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Just the Bugaboos, the Cariboos—and you
Anita Verschoth
December 06, 1971
A back-country skier is brave, reverent, loyal, sturdy, agile, adventuresome—and definitely a bit daring. It also helps if he is an expert: one does not snowplow through deep powder. As Canada's Nancy Greene, 1968 Olympic gold and silver medalist, puts it, "This country is the greatest if you are strong and don't worry about how you look. It is not for pretty skiers."
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December 06, 1971

Just The Bugaboos, The Cariboos—and You

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A back-country skier is brave, reverent, loyal, sturdy, agile, adventuresome—and definitely a bit daring. It also helps if he is an expert: one does not snowplow through deep powder. As Canada's Nancy Greene, 1968 Olympic gold and silver medalist, puts it, "This country is the greatest if you are strong and don't worry about how you look. It is not for pretty skiers."

Exactly. The western Canadian wilderness is almost the last of the big-time ski horizons, a land of rugged peaks and glaciers, endless slopes and a smothering abundance of the deepest dry snow. The region is five times the size of Europe's Alps, wide as the span from Washington to Montana, running almost to Alaska in depth and embracing both the Coastal Mountains and the Canadian Rockies. The back country is practically all of British Columbia, plus a border strip of Alberta; it could swallow up—not bothering to subtract snowbunnies—every skier in the world.

One jumps into Canada through a series of resorts that half-circle the southern rim of the back country—from Whistler Mountain near Vancouver to Banff near Calgary and up the Continental Divide to Valemount near Jasper. Some are old, established spots, like Rossland and Banff, with comfortable hotels, chair lifts, even a beginner's slope or two. But just a few miles inland the ski land is untamed. Here are the peaks and glaciers, ridges, chutes, cornices and bowls full of powder that have never been skied—not just on a given day, not merely since it snowed last, but not ever.

Canada's wilderness skiing came on with the age of the helicopter; the era was born in 1955 when a young Austrian mountain guide named Hans Gmoser started "Canadian Mountain Holidays." By 1965 Gmoser was whirling skiers into the untracked Bugaboo Mountains in the Purcell Range (SI, March 30, 1970). Since then, the Bugaboo slopes have become so famous that skiers arrive from around the world to be airlifted to the more than 100 runs Gmoser has spotted. The season goes from Dec. 26 to May 20 by the week and prices for an all-inclusive, seven-day package with transportation to and from Calgary range from $500 to $585.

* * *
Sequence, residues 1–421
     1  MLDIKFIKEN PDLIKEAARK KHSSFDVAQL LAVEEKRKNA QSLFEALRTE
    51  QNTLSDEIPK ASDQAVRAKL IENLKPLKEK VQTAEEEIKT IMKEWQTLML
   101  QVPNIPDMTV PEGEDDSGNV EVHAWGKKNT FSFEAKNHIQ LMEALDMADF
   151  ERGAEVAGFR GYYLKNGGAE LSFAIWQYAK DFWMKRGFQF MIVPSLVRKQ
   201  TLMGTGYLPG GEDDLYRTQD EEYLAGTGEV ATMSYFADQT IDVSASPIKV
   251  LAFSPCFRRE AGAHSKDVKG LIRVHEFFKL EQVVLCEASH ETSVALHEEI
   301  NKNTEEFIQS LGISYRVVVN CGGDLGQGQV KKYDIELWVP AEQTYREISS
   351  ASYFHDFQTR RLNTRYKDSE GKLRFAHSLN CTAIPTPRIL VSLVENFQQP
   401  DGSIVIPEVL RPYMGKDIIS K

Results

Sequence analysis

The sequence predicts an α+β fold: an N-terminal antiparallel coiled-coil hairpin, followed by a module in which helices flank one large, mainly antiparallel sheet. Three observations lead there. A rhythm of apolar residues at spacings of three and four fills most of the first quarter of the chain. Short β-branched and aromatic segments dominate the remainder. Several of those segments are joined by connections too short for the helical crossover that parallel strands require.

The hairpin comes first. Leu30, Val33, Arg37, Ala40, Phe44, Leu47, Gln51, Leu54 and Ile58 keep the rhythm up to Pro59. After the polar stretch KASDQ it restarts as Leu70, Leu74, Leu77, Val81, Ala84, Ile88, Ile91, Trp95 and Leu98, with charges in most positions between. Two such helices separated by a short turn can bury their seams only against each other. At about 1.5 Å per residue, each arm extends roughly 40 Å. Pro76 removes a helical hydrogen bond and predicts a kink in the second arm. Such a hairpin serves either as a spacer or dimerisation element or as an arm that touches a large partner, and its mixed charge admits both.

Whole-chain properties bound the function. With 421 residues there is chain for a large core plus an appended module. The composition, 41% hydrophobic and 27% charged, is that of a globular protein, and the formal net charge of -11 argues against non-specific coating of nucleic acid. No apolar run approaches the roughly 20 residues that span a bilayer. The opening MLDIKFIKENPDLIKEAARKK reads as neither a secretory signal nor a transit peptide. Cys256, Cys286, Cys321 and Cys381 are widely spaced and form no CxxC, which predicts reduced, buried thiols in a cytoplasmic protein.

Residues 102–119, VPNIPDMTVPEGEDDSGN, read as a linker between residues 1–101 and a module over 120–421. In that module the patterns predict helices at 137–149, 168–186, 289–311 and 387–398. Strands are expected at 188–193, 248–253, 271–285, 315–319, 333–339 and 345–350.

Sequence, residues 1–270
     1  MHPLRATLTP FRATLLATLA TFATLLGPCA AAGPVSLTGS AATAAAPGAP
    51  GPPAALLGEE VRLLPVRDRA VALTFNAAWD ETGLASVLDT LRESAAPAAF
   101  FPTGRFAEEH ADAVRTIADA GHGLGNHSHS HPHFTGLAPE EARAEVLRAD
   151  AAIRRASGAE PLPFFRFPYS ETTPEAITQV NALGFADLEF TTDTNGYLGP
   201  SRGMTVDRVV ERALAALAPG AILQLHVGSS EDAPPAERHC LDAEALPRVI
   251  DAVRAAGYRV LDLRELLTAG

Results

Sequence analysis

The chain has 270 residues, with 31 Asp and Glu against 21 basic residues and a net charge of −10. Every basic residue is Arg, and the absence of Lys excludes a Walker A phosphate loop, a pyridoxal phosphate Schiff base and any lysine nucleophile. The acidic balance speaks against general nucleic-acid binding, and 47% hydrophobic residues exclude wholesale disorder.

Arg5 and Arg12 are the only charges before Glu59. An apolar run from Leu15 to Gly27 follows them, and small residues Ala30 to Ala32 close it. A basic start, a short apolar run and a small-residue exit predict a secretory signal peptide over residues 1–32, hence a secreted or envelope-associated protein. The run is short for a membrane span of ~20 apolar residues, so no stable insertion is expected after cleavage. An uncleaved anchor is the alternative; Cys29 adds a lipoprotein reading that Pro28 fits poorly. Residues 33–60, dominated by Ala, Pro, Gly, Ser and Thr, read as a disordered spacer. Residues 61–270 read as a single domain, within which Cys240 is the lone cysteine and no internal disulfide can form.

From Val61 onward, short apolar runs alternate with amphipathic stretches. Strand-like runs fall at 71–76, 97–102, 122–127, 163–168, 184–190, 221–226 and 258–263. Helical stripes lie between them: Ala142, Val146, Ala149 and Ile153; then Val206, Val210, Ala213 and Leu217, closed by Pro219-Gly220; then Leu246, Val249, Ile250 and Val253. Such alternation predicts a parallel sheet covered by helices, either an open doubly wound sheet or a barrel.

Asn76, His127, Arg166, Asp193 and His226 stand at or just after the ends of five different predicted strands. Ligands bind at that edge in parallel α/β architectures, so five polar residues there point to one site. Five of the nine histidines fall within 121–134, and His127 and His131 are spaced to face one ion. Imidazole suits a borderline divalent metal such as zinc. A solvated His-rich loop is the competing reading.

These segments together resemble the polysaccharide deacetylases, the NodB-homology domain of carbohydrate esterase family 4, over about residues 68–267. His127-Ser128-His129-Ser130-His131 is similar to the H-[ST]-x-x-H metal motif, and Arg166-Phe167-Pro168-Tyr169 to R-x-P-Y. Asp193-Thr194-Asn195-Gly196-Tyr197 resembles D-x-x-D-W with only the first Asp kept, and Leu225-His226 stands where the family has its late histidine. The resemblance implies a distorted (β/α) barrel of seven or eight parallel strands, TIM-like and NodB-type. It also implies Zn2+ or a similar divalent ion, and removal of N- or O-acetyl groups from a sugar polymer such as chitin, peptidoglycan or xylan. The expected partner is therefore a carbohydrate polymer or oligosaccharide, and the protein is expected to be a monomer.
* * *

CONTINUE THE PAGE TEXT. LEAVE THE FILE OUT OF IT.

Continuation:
And now Gmoser has discovered newer and even bigger back country: about 180 miles to the north, near Jasper and Mt. Robson, the highest mountain in the Canadian Rockies, he has come upon the Cariboos, a virgin territory where more than 600 inches of powder snow fall each season. With jet-assisted copters, he can drop his nine-man groups of skiers anywhere within a 600-square-mile area of fresh terrain. Gmoser guarantees at least 100,000 vertical feet of downhill runs in one week, for those who are up to it, and offers everything from the glaciers of 11,750-foot Mt. Sir Wilfred Laurier to the slightly more gentle powdery valleys at 4,000 feet.

The gateway to the Cariboos lies from Calgary to Banff and along the picturesque Icefield Highway, which Canada insists is now kept open all winter (that is, providing one drives it in the daytime only). Skiers are lodged at the Sarak Motel in Valemount, east of Jasper, and a seven-day Cariboo ski package during the Feb. 19-through-April 22 season is set at $700.

Not quite as fearful as the Cariboos or Bugaboos but just as appealing in its way is a new area in the 9,500-foot Monashee Mountains that claims—with certain evident justification—to have better powder than anyplace in the world, Utah's famous Alta included. This is not just plain powder, as skiers say; more than 700 inches of fluffy snow fall there each season, and during every run one is submerged in the stuff—so much snow, in fact, that there are very few trees around, even in the valleys. For pioneers who want to be among the first to sample this experience, two sessions of copter skiing are set for this season, one Feb. 12 through 19 and a second "exploration" trip from May 13 through 20. Skiers will stay at MacGregor Motel in Revelstoke on Highway 1, east of Banff, and the seven-day all-inclusive price is $700.

Even with all this stress on the super, western Canadian skiing also has its touches of glamour and comfort. One of the country's more charming attractions is the famous old Banff Springs Hotel on the edge of skiing's outlands. The 600-room palace, all turrets and Scottish influence, offers views of the Bow River and the pine forests of the Rockies stretching on to infinity.

Banff itself is the center of a skiing cluster; about 35 miles northwest is Lake Louise with its Temple-Whitehorn double mountain. Three miles east of Banff is Mt. Norquay, which Canadians coolly call their "challenge mountain," and 10 miles southwest, nestled in a high bowl, is Sunshine Valley.

But the jewel of the big back country is Whistler Mountain, rising on the edge of purest wilderness 70 miles north of Vancouver. Natives claim it has something for everybody: three chair lifts, a gondola, five lodges and inns, deep powder bowls at the top and trails snaking through forests farther down. And out beyond, for $50 a day for three glaciers or $7.50 a copter ride (to the Whistler peak), one may ski the open land. So far, 30 back-country glaciers have been skied for the first time and—from the air—the eager Canadians have located 100 more still untraveled.

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